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General Motors And AIG

The Obama administration has given General Motors 60 days to come up with a plan to justify another round of tax payer infusions that would ostensibly stave off a bankruptcy filing. As Steve Priestap has written below GM belongs in bankruptcy for a lot of reasons. Arguably the most important reason is that federal bankruptcy court is uniquely suited to sort through the maze of conflicts and claims between interested parties to arrive at a result that is as fair and just as possible.

Yesterday brought news that the government likely would not let GM use any additional tax payer money to pay off existing creditors such as bondholders:

"President Barack Obama's auto task force told the biggest U.S. automaker it doesn't want taxpayer funds used to repay debt maturities, said the person, who declined to be identified because the talks are private. Detroit-based GM has $1 billion of 1.5 percent convertible securities coming due June 1."

A payment default on these bonds would most certainly precipitate a bankruptcy filing but that fact, in and of itself, is not startling. Bondholders have known this for months. However, there is an interesting twist to the story about these bonds and other GM debt obligations held by large US financial institutions. Many of these bond holdings have been insured against default, which means that the bondholders, in the event GM goes bust, will collect their money anyway because they have insurance to protect them from loss.

Guess which company probably wrote most of that insurance? That's right, AIG. So now tax payers are presented with the conundrum that they have already bailed out GM bondholders (who should be losing their shirts at this point) by pumping massive amounts of cash into their insurer, AIG. (This is another reason why more people everyday are coming to see AIG as the financial Death Star.)

Do taxpayers really trust the Obama administration (with its unstaffed Treasury Department) and Congress (with its multitude of conflicts of interest) to unwind this convoluted scheme they are already into in the amount of $200 billion dollars? This is yet another reason why GM belongs in bankruptcy today.

H/T Clusterstock


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Comments (6)

Good points Hugh. But this... (Below threshold)

Good points Hugh. But this whole ordeal makes me wonder about the future of long-term investment insurance for financial instruments issued by organizations that are "too big to fail".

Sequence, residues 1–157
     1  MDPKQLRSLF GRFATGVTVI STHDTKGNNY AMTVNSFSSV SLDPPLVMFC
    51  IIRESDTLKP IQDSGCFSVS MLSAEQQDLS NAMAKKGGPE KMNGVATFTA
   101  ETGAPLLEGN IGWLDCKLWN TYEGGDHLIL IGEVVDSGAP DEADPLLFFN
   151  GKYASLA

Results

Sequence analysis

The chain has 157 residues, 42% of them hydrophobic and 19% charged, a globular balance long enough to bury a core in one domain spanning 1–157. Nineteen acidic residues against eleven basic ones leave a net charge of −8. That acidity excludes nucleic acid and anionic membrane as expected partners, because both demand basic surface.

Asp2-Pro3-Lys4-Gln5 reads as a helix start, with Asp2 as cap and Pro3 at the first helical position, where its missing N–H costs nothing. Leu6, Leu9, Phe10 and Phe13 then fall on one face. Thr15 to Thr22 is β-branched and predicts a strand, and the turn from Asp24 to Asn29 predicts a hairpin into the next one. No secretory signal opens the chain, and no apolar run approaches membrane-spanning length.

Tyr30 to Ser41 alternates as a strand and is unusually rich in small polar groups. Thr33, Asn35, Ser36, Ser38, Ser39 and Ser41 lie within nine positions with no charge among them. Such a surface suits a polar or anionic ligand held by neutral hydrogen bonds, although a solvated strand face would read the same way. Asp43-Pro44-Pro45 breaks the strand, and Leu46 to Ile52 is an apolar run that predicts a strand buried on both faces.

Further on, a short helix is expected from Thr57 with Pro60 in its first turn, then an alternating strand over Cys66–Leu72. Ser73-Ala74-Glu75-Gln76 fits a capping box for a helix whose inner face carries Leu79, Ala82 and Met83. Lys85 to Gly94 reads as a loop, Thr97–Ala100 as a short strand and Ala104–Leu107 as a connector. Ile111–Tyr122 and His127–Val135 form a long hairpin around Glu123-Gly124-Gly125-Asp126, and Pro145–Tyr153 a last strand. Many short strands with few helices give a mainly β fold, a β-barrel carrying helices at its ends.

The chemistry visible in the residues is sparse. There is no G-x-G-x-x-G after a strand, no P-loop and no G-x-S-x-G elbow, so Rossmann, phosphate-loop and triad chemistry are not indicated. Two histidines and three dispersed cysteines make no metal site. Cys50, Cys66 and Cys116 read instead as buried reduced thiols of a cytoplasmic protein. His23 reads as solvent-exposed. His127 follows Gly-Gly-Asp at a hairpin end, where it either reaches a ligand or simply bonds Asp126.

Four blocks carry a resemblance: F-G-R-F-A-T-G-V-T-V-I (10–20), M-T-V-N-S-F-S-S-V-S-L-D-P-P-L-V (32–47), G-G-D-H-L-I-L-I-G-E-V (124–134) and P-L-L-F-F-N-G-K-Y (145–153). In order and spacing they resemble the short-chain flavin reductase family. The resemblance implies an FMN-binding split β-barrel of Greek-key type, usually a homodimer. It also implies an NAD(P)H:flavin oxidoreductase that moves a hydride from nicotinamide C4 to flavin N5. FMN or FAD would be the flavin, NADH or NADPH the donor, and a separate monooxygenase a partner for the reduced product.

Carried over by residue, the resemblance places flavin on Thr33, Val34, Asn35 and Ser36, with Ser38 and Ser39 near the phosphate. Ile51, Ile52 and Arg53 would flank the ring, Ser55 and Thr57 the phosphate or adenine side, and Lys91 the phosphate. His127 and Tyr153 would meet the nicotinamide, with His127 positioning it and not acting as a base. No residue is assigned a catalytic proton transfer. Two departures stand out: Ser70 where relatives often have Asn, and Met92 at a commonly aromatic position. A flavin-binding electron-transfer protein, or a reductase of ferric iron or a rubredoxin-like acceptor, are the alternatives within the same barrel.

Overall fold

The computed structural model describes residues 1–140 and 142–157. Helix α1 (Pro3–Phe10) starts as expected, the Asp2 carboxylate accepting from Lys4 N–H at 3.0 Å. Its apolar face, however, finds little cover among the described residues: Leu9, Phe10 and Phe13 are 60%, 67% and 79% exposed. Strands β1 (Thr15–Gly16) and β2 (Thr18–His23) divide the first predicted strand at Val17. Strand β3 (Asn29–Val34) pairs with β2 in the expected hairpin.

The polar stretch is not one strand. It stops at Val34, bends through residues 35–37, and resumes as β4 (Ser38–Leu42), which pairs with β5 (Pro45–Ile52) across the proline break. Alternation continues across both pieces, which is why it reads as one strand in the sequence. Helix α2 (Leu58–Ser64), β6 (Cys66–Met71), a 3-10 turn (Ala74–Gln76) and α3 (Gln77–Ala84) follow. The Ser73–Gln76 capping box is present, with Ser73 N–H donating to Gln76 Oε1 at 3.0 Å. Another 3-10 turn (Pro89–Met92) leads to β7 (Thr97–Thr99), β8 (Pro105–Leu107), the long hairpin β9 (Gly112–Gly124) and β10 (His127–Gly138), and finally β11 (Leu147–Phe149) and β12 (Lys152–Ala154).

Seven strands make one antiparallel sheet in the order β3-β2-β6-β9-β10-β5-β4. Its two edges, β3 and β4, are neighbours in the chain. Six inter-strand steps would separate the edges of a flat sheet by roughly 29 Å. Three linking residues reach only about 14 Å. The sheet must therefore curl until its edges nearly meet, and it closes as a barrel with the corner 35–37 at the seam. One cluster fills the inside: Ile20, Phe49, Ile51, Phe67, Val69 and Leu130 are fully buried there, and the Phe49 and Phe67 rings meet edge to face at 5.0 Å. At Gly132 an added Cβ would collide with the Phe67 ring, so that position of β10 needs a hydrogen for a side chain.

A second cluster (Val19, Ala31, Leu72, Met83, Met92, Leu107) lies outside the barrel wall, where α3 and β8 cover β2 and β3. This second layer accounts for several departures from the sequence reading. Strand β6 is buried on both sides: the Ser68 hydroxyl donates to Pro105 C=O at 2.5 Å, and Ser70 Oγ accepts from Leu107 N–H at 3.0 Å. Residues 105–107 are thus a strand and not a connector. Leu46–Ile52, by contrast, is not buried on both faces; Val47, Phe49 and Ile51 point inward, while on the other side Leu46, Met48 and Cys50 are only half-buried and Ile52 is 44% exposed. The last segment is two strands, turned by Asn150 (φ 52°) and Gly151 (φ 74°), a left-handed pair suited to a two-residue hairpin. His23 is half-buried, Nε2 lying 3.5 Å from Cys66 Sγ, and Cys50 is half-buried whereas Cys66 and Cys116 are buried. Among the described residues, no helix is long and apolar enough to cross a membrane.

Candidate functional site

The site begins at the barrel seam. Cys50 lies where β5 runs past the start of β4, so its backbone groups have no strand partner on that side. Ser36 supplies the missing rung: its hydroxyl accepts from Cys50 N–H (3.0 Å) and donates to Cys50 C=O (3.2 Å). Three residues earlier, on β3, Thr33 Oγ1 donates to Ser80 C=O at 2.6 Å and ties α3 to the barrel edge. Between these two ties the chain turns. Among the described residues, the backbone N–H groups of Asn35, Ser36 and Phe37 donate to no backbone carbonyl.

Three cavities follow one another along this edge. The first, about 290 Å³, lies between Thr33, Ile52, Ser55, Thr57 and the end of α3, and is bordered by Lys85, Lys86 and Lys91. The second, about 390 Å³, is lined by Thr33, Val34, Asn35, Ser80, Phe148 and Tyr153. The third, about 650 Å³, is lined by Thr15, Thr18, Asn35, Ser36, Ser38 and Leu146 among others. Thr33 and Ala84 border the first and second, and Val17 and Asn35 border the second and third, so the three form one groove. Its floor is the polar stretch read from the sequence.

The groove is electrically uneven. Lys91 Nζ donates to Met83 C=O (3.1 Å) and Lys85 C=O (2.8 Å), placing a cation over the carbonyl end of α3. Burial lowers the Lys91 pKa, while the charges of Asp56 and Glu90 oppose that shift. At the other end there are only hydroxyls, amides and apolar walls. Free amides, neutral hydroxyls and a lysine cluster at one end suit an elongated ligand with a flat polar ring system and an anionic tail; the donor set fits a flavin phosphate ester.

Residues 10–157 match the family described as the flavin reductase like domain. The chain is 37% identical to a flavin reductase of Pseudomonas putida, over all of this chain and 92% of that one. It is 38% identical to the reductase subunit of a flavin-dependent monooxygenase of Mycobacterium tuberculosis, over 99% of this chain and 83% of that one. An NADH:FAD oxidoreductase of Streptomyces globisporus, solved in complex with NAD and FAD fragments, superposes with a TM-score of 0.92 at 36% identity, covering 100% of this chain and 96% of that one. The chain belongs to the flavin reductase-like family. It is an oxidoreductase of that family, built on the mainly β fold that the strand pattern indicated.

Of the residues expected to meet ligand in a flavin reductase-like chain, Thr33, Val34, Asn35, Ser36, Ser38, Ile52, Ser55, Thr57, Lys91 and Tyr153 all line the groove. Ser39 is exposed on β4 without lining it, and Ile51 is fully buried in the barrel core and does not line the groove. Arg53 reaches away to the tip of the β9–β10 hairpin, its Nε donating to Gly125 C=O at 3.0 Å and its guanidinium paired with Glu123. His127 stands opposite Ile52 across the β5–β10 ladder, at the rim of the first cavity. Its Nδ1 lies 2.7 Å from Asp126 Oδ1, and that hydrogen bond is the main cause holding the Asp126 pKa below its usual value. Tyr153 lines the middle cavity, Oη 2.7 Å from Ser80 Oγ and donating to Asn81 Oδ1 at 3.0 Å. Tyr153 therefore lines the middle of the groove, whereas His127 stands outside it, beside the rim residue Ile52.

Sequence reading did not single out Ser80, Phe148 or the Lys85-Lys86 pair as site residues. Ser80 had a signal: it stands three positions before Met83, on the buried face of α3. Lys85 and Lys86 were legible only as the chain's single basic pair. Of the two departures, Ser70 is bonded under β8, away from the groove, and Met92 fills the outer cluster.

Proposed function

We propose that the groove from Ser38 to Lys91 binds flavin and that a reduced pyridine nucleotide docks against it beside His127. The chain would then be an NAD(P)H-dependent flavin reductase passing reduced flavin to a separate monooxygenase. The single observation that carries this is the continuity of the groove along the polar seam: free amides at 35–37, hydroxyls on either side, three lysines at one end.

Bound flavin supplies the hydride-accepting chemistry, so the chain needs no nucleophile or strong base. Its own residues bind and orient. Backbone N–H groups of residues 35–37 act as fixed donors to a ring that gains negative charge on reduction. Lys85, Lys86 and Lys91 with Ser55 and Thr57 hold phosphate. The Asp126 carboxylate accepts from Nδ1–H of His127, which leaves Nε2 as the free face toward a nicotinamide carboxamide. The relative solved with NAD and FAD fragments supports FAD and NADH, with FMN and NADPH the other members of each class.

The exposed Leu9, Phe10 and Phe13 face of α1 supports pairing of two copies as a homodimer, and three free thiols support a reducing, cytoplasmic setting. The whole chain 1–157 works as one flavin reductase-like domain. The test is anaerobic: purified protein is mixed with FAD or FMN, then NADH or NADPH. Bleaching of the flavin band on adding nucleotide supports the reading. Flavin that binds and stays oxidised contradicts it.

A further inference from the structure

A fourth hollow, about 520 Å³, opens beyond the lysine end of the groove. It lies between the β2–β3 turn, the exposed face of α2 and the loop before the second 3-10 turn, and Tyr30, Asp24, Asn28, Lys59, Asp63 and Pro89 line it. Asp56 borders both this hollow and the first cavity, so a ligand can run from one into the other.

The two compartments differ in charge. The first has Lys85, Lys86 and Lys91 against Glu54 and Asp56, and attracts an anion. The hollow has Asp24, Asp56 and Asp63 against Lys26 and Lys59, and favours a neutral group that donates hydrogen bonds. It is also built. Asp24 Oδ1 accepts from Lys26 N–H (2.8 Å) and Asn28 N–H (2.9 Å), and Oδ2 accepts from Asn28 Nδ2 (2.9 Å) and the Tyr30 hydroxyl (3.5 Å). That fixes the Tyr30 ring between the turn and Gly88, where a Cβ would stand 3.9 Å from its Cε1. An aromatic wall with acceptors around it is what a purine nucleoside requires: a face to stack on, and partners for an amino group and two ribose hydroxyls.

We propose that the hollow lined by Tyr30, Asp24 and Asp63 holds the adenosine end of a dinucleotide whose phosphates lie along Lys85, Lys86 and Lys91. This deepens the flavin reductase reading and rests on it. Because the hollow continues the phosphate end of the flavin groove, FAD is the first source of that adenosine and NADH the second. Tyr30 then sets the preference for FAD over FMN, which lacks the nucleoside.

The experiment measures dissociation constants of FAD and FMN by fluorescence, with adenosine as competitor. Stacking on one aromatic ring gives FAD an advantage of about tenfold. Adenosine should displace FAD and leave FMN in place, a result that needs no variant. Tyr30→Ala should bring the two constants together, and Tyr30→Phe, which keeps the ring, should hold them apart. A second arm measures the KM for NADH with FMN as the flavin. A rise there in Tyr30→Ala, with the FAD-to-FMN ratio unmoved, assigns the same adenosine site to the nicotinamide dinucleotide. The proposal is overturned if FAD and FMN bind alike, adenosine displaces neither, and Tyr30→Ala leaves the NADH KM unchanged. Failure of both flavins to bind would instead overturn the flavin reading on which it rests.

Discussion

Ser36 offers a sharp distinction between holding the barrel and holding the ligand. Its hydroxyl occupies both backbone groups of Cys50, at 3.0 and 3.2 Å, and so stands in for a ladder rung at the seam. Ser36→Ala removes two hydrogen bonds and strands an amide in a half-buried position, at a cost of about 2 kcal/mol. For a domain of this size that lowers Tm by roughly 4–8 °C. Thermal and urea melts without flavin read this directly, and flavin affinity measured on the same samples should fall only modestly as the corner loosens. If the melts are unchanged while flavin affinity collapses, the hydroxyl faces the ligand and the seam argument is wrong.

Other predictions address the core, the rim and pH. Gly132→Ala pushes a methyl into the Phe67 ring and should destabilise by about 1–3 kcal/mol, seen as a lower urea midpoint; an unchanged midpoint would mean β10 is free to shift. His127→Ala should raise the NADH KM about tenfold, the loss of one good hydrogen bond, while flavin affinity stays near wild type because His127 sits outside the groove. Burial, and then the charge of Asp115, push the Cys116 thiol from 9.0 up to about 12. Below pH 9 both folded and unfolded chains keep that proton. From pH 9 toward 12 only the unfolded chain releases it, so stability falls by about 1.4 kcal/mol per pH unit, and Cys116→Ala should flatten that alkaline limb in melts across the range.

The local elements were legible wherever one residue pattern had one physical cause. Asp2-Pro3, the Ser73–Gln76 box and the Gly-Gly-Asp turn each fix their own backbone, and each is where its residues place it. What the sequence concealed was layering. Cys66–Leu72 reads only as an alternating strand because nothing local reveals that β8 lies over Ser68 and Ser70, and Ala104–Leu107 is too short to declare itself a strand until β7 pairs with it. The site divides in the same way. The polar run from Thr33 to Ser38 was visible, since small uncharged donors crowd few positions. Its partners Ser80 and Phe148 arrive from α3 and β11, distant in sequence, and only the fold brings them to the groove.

Perhaps the insurance industry should consider terminating these lines of coverage. Such a move might temporarily lower the value of certain investments, but the current system -- bonds/derivatives sink, then companies fail, then insurers go broke, then Uncle Sam gets stuck with the bill -- certainly doesn't seem to be working.

"Do taxpayers really tru... (Below threshold)
JLawson:

"Do taxpayers really trust the Obama administration (with its unstaffed Treasury Department) and Congress (with its multitude of conflicts of interest) to unwind this convoluted scheme they are already into in the amount of $200 billion dollars?"

Well, if they can't handle simple stuff like DVD country codes, if they can't seem to get Russia and Iran to play well with them, and NK's getting froggy, they think proper diplomatic gifts can be bought at Wal-Mart, have managed to FUBAR GM, has run up a defict three times the amount Bush overspent in 8 years within two months, they've put us on course for incredible inflation, and are doing their damndest to FUBAR the American energy infrastruture for 'green' purposes while ignoring the energy under our feet...

OF COURSE WE TRUST THEM! WHAT COULD POSSIBLY GO WRONG?

Obama has had 60 days and H... (Below threshold)
914:

Obama has had 60 days and He has shown such great promise. if He can do it, so can GM/AIG.

Bankruptcy does not fit int... (Below threshold)

Bankruptcy does not fit into Obama's political agenda or serve any of Obama's interests, therefore, it will NOT happen.
http://www.rightklik.net/

This article makes no sense... (Below threshold)
MikeC:

This article makes no sense. So, instead of giving GM 10B more and forcing cuts out of court, they should put them in BK and have AIG pay out $50B on the CDS?

This article makes no se... (Below threshold)
jpm100:

This article makes no sense. So, instead of giving GM 10B more and forcing cuts out of court, they should put them in BK and have AIG pay out $50B on the CDS?

HughS has a hard on to punish people in the auto industry. So he disposed to the option that punishes them the most even if it punishes the taxpayers the most.

For example, in addition to US taxpayers being indirectly on the hook for the bondholders if they go bankrupt, the Pension Benefit Guarantee Corportation which is already operating in debt would be totally smashed. They could quite likely seek a government bailout. That would be true even if it was 30 cents on the dollar. Except most of the workers have a lot of years and qualifies them more towards the full amount covered which is about 80 cents on the dollar. Although they could wiggle that down, I'm sure.




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Section Editor: Maggie Whitton

Editors: Jay Tea, Lorie Byrd, Kim Priestap, DJ Drummond, Michael Laprarie, Baron Von Ottomatic, Shawn Mallow, Rick, Dan Karipides, Michael Avitablile, Charlie Quidnunc, Steve Schippert

Emeritus: Paul, Mary Katherine Ham, Jim Addison, Alexander K. McClure, Cassy Fiano, Bill Jempty, John Stansbury, Rob Port

In Memorium: HughS

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